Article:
Today, the United States Supreme Court issued its decision in Brnovich v. Democratic National Committee, holding that the Voting Rights Act (VRA) does not prohibit Arizona voting laws and procedures that prohibit third parties from returning completed absentee ballots and that do not count in-person ballots cast out of precinct, notwithstanding evidence that those provisions had a discriminatory result for voters of color and notwithstanding the lack of any evidence that the provisions were necessary to serve any legitimate state interest.
The NAACP Legal Defense and Education Fund, Inc. (LDF) filed an amicus brief in the case highlighting how the text, history, and Congress’s purpose in enacting Section 2 of the VRA—which prohibits all voting laws that deny or abridge minority voters’ right to vote—requires consideration of all circumstances that burden Black voters and voters of color, including when evaluating present-day discriminatory voting rules. In today’s opinion, however, a sharply divided Court substantially narrowed the scope of Section 2 by creating a new test that imposes new burdens on voters seeking to vindicate their rights under Section 2, and which has no support in the statute’s text or history.
“The Voting Rights Act of 1965 was once our country’s most effective federal civil rights legislation, won on the backs of civil rights leaders and allies determined to gain unfettered access to the ballot box for Black Americans. Today’s decision dealt a substantial blow to what was left of the Act following the Court’s Shelby County decision, which effectively invalidated the other core part of the statute” said Janai Nelson, LDF’s Associate Director-Counsel. “The Court’s decision creates new and additional burdens to challenges of discriminatory voting laws. In doing so, it resists the storied and tragic history of sacrifice by Black Americans that led to the passage of the Act, and the democratic ideals the Act was passed to protect. The decision is antithetical to the core goals of democracy and is a major setback to past and future efforts to end discrimination in voting.”
“More than a dozen states across the country have passed laws that make it harder for Black voters and other voters of color to access the ballot box. This legislative push represents a clear backlash to the record turnout by Black voters and other voters of color in recent elections and is aimed at suppressing their future participation in the political process,” said Mahogane Reed, the John Payton Appellate and Supreme Court Advocacy Fellow at LDF. “Today’s decision undercuts the utility of a key provision of what’s left of the VRA. We will continue to use the tools available to protect the right to vote, including Section 2, but today underscores the significant and urgent need for Congress to pass robust and comprehensive federal voting rights legislation to protect the right to vote through uniform voting laws and updated provisions like those found in the For the People Act and the John Lewis Voting Rights Advancement Act.”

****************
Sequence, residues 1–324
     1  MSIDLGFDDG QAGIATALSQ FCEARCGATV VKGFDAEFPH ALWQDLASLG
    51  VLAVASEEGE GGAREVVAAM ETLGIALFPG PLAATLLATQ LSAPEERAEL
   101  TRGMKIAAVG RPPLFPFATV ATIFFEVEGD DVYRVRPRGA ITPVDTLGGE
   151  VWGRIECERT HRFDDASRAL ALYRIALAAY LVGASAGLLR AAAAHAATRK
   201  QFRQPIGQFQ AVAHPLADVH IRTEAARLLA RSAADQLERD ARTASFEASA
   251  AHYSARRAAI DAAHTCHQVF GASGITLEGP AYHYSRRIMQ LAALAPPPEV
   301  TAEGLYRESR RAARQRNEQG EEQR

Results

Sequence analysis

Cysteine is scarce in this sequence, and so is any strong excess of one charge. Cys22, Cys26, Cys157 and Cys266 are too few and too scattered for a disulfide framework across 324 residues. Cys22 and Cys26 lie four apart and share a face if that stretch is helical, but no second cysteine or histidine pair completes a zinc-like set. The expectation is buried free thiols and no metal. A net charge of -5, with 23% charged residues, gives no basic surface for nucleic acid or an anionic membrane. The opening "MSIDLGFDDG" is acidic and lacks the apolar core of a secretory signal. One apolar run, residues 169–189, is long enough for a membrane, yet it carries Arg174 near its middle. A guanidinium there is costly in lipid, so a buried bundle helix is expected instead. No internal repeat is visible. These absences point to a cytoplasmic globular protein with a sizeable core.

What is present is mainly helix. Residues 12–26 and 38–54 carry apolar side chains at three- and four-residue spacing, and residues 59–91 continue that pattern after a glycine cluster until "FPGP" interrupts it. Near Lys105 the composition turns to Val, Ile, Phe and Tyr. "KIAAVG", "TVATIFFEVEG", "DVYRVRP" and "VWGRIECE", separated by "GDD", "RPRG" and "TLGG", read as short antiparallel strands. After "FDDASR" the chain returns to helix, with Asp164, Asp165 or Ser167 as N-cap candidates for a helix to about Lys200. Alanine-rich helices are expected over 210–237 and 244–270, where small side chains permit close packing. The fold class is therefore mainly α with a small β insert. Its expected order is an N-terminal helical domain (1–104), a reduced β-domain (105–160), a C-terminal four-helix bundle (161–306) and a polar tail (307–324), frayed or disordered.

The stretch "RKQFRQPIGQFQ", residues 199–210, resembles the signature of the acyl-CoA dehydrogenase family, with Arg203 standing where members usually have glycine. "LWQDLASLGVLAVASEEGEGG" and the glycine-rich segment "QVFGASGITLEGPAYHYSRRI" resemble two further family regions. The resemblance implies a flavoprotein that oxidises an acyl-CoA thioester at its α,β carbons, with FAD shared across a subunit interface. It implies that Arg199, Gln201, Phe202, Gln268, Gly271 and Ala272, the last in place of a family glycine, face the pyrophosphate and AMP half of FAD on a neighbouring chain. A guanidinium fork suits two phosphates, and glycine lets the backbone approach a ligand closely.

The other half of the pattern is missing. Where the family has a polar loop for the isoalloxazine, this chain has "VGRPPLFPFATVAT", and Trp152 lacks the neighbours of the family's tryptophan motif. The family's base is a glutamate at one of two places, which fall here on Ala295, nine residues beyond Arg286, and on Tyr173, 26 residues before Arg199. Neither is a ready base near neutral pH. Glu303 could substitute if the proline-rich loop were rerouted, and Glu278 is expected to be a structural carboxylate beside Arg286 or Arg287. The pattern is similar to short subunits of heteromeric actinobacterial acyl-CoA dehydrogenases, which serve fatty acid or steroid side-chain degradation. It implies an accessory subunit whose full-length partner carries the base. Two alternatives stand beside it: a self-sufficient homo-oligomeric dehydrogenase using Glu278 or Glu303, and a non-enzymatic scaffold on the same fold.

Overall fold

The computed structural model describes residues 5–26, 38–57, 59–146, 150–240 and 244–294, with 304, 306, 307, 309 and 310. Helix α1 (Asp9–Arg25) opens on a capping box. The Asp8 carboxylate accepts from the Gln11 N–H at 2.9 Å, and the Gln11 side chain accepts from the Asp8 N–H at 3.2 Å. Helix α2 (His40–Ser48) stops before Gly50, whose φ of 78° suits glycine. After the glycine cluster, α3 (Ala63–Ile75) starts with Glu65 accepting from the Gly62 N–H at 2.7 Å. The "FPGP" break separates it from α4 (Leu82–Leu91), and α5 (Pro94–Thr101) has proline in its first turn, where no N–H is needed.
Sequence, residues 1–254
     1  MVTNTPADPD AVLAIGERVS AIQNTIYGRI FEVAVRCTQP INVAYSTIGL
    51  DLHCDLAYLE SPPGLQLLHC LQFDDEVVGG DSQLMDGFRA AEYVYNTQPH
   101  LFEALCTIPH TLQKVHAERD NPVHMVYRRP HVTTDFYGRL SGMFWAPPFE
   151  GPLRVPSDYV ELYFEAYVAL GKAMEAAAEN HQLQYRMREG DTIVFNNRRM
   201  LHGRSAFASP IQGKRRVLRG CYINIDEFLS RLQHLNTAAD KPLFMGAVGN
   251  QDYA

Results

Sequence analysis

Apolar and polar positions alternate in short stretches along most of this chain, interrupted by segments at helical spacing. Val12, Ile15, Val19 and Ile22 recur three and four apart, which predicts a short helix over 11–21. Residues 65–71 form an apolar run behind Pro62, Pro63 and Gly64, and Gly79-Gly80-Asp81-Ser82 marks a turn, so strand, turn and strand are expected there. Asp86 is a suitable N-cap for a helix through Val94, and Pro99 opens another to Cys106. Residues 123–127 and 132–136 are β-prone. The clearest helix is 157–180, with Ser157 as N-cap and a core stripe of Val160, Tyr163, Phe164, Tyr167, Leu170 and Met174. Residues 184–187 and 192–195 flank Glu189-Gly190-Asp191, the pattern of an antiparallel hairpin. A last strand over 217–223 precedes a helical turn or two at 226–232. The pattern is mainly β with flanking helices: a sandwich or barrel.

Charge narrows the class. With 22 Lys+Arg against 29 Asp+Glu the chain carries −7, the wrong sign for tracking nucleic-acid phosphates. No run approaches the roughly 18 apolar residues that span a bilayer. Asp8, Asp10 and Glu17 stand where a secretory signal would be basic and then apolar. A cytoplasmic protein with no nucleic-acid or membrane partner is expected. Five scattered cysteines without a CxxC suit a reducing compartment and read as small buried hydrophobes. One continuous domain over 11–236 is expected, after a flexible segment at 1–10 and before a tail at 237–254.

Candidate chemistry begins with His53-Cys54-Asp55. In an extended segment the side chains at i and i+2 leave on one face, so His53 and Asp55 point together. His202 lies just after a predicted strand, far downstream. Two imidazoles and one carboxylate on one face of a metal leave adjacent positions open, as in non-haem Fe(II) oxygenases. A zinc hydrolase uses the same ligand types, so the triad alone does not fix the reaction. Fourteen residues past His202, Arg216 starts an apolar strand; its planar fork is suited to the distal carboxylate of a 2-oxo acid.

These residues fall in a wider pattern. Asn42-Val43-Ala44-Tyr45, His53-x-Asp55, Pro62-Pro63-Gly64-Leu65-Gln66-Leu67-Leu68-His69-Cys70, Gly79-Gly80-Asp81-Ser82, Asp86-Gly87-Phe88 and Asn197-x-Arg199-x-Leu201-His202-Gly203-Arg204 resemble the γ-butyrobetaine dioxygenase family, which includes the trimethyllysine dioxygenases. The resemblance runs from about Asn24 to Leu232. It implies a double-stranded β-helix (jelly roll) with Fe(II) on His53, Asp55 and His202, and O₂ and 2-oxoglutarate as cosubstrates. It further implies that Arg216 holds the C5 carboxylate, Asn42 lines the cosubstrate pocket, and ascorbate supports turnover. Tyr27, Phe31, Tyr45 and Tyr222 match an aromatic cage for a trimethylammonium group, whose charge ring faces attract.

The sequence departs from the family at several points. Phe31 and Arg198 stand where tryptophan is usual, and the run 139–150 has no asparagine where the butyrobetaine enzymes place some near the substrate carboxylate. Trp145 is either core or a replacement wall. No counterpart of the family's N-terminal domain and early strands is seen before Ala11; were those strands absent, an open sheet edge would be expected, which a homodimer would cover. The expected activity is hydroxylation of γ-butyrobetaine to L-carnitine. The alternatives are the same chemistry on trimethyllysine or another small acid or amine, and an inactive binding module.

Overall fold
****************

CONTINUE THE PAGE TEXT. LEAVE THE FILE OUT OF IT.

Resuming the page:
While the Supreme Court’s 2013 Shelby County v. Holder decision invalidated Section 5 of the VRA, which required states and localities with a persistent history of voting discrimination to obtain federal preclearance before implementing changes to their voting policies and practices, the Court also emphasized at the time that Section 2 would remain as an essential anti-discrimination provision in the Act.
Founded in 1940, the NAACP Legal Defense and Educational Fund, Inc. (LDF) is the nation’s first civil and human rights law organization. LDF has been completely separate from the National Association for the Advancement of Colored People (NAACP) since 1957—although LDF was originally founded by the NAACP and shares its commitment to equal rights. LDF’s Thurgood Marshall Institute is a multi-disciplinary and collaborative hub within LDF that launches targeted campaigns and undertakes innovative research to shape the civil rights narrative. In media attributions, please refer to us as the NAACP Legal Defense Fund or LDF. Follow LDF on Twitter, Instagram and Facebook.